A murmuration is when huge flocks of starlings come together to form shape-shifting flight patterns at sunset before they roost for the night.
I am fascinated by murmurations but have never seen one, however last week I visted Brandon Marsh near Coventry to witness this incredible natural phenomenom where large groups of starlings take to the sky, swooping and swirling into spheres, planes and waves. It was mesmerising and I was transfixed by the beauty of seeing so many birds move together, seemingly as one.
A murmuration is named after the noise that is made by the many flapping wings of the starlings in flight. As they flew en masse overhead they made a low humming sound which added to the spectacle.
They gather in murmurations for a variety of reasons. Grouping together offers safety in numbers as predators like peregrine falcons find it hard to target one bird in amongst a hypnotising flock of thousands. The murmuration happens prior to roosting and they gather together to keep warm at night.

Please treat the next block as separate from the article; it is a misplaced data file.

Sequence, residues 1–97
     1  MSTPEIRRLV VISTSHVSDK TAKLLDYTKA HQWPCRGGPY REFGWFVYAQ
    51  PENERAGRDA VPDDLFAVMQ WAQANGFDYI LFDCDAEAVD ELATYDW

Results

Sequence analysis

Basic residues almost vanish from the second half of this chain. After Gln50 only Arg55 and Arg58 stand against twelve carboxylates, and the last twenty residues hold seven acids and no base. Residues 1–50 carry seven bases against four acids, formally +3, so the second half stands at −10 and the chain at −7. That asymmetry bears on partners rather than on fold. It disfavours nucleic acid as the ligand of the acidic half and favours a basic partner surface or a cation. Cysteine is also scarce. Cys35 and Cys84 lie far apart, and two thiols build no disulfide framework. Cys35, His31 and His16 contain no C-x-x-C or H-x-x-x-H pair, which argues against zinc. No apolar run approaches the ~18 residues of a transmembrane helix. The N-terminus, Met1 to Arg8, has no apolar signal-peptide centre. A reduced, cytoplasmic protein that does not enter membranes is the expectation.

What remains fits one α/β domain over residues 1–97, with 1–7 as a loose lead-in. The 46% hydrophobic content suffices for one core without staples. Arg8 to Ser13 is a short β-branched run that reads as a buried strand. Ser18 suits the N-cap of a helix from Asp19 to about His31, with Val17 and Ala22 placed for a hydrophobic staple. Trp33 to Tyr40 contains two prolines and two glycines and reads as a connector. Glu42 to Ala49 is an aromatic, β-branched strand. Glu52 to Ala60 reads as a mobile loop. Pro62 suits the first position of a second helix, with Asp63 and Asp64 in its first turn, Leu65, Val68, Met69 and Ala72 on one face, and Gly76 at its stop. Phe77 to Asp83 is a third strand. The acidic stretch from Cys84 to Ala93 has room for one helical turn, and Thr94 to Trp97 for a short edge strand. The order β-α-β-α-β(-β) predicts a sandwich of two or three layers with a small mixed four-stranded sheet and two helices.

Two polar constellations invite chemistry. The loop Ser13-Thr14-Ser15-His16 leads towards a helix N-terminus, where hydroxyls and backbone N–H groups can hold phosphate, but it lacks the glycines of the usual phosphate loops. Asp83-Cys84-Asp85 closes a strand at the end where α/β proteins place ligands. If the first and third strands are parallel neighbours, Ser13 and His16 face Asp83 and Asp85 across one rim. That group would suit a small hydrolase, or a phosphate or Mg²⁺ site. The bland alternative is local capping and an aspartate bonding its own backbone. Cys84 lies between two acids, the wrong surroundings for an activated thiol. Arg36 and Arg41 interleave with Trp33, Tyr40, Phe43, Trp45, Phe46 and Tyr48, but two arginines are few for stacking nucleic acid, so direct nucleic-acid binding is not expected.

The starling murmurations happen during the winter months, roughly from October to March.
The peak in numbers is usually December to January when more birds come over from Europe and join our resident birds.
It really is something worth witnessing. Find out more about this phenomenon here.
Check out this interactive map to find a site near to you. If you see one I hope you enjoy seeing it as much as I did.
And I am thinking of how I can make art about it now!